Despite all its imperfections, peer review is one marker of scientific quality – it indicates that an article has been evaluated prior to publication by at least one, and usually several, experts in the field. An academic journal that does not use peer review would not usually be regarded as a serious source and we would not expect to see it listed in a database such as Clarivate Analytic’s Web of Science Core Collection which “includes only journals that demonstrate high levels of editorial rigor and best practice”. Scientists are often evaluated by their citations in Web of Science, with the assumption that this will include only peer-reviewed articles. This makes gaming of citations harder than is the case for less selective databases such as Google Scholar. The selective criteria for inclusion, and claims by Clarivate Analytics to take research integrity very seriously, are presumably the main reasons why academic institutions are willing to pay for access to Web of Science, rather than relying on Google Scholar.
A great blog post on a troubling topic. With thanks to Julie Simpson for posting to Twitter.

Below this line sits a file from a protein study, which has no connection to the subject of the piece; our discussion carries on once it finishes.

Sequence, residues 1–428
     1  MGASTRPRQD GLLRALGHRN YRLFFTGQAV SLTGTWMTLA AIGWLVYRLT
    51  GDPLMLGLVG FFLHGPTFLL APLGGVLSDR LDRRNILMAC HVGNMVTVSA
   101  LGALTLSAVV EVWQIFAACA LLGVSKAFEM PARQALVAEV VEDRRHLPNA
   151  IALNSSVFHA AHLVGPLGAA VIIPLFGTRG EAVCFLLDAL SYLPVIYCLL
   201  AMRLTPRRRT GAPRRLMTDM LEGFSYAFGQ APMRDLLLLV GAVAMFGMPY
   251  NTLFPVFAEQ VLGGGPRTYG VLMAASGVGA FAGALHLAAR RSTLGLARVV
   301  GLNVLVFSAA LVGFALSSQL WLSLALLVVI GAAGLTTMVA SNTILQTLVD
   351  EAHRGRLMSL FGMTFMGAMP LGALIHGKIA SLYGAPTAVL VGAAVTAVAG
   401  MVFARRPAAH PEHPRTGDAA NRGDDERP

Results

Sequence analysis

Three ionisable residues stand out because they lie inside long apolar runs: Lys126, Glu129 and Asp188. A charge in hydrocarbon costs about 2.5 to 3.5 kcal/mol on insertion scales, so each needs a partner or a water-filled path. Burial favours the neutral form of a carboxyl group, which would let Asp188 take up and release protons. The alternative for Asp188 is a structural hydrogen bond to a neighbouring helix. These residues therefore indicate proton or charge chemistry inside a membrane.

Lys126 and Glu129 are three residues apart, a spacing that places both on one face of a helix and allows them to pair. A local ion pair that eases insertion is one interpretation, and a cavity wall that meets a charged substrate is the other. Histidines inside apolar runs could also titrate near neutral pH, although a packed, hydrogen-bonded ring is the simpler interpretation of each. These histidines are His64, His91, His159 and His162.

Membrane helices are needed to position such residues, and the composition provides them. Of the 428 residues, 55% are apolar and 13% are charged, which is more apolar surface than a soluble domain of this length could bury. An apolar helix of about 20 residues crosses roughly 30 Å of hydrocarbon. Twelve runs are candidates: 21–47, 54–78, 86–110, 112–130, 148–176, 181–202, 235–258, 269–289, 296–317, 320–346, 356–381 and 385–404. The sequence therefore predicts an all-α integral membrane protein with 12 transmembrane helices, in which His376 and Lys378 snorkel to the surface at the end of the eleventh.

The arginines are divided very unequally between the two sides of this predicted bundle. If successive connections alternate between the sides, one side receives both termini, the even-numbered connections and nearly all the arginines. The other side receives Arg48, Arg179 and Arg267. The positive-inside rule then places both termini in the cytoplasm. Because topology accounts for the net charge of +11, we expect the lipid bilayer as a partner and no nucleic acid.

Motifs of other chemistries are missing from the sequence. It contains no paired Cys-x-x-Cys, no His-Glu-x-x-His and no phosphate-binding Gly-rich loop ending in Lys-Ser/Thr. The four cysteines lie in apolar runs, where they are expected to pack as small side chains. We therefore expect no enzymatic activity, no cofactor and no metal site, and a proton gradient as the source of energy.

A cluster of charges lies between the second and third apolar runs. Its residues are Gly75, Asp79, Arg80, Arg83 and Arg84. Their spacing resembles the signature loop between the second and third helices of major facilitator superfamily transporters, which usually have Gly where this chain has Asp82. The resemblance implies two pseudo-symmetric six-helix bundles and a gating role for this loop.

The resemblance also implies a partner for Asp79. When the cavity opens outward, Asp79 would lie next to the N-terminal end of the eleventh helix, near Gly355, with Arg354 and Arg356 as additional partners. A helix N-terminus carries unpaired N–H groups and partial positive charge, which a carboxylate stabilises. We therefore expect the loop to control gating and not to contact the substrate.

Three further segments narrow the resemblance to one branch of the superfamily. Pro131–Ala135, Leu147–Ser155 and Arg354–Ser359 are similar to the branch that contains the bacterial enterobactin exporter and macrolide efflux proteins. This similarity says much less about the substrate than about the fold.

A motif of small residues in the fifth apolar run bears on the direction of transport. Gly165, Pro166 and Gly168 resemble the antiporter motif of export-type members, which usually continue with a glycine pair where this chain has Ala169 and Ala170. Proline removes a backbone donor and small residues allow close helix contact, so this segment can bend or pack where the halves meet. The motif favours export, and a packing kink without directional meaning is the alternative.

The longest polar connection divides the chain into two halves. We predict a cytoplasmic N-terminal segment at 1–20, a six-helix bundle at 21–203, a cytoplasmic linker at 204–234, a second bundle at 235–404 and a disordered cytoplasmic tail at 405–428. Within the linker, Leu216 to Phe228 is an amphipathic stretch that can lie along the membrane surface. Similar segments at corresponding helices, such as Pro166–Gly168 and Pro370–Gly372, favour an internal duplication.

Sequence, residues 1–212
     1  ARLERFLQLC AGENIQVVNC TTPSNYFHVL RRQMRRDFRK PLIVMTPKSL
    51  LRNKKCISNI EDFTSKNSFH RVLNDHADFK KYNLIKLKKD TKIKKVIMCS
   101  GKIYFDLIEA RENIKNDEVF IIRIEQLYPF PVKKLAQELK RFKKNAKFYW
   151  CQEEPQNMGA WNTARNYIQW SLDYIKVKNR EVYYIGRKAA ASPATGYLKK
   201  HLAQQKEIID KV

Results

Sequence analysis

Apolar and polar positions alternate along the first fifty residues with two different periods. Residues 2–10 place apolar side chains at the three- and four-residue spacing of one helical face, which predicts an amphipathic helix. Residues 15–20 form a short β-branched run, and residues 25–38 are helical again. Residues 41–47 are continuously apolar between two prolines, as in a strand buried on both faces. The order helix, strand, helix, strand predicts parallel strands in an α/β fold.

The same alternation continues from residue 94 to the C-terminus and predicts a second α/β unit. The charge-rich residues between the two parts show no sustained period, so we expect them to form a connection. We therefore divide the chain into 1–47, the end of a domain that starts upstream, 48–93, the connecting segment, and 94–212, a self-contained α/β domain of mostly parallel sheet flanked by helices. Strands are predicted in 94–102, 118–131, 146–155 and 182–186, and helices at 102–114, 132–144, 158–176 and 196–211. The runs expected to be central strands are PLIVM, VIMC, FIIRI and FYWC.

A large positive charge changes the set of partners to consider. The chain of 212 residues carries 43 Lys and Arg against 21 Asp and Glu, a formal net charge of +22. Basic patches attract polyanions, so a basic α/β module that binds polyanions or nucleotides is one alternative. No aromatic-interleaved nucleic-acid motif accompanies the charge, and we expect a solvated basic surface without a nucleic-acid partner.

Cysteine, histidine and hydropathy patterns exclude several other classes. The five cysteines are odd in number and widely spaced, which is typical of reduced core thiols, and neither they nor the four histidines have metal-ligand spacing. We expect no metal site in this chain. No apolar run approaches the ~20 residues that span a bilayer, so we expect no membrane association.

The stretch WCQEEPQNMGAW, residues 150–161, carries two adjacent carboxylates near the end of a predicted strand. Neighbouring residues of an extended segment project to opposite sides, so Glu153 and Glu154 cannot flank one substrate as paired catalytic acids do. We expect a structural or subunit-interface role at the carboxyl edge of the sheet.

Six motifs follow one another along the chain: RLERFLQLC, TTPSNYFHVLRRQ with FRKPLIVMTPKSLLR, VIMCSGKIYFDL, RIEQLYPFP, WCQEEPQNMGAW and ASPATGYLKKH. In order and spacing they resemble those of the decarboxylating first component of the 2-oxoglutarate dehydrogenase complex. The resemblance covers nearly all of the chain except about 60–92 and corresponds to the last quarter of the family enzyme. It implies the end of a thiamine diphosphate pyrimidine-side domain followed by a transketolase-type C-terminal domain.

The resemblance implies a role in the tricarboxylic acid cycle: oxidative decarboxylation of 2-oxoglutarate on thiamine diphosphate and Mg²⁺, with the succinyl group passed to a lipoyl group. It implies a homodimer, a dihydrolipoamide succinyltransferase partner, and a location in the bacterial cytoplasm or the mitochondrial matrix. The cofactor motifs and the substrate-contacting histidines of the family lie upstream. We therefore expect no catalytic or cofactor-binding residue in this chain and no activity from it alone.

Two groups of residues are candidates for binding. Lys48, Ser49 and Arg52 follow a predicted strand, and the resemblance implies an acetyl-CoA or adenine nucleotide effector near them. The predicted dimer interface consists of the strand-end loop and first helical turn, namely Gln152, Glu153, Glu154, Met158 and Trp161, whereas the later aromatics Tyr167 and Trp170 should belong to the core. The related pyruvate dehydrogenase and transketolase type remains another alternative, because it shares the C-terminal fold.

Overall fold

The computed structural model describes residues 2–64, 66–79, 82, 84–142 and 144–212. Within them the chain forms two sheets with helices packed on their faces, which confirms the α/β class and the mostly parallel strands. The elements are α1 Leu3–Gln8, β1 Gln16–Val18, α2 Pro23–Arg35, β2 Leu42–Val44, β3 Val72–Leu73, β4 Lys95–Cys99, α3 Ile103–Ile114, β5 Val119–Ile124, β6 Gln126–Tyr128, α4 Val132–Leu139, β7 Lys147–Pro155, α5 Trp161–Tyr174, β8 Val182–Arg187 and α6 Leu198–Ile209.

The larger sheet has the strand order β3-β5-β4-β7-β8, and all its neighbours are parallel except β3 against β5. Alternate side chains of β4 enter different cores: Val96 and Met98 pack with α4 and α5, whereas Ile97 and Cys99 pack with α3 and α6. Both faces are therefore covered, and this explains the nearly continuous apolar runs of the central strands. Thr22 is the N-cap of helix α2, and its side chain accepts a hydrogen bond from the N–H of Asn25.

Of the 31 papers listed on Web of Science as coauthored by Mamun and Griffiths, 19 are categorised as letters to the Editor. Letters are a rather odd and heterogeneous category. In most journals they will be brief comments on papers published in the journal, or responses to such comments, and in such cases it is not unusual for the editor to make a decision to publish or not without seeking peer review. However, the letters coauthored by Griffiths and Mamun go beyond this kind of content, and include some brief reports of novel data, as well as case reports on suicide or homicide gleaned from press reports*. I took a closer look at three journals where these letters appeared to try and understand how such material fitted in with their publication criteria.